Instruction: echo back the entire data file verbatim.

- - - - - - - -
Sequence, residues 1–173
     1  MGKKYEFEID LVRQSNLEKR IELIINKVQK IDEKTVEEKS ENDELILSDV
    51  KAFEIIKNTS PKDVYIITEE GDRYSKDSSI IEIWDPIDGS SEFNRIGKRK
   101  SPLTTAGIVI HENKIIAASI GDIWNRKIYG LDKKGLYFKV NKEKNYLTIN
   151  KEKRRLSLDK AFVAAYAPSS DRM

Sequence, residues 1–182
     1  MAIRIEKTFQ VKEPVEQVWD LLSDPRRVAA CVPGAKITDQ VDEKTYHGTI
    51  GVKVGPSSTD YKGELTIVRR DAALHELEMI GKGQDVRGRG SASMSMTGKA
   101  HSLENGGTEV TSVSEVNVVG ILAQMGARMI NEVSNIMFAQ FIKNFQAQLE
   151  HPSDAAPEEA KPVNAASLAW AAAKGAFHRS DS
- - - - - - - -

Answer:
Sequence, residues 1–173
     1  MGKKYEFEID LVRQSNLEKR IELIINKVQK IDEKTVEEKS ENDELILSDV
    51  KAFEIIKNTS PKDVYIITEE GDRYSKDSSI IEIWDPIDGS SEFNRIGKRK
   101  SPLTTAGIVI HENKIIAASI GDIWNRKIYG LDKKGLYFKV NKEKNYLTIN
   151  KEKRRLSLDK AFVAAYAPSS DRM

Sequence, residues 1–182
     1  MAIRIEKTFQ VKEPVEQVWD LLSDPRRVAA CVPGAKITDQ VDEKTYHGTI
    51  GVKVGPSSTD YKGELTIVRR DAALHELEMI GKGQDVRGRG SASMSMTGKA
   101  HSLENGGTEV TSVSEVNVVG ILAQMGARMI NEVSNIMFAQ FIKNFQAQLE
   151  HPSDAAPEEA KPVNAASLAW AAAKGAFHRS DS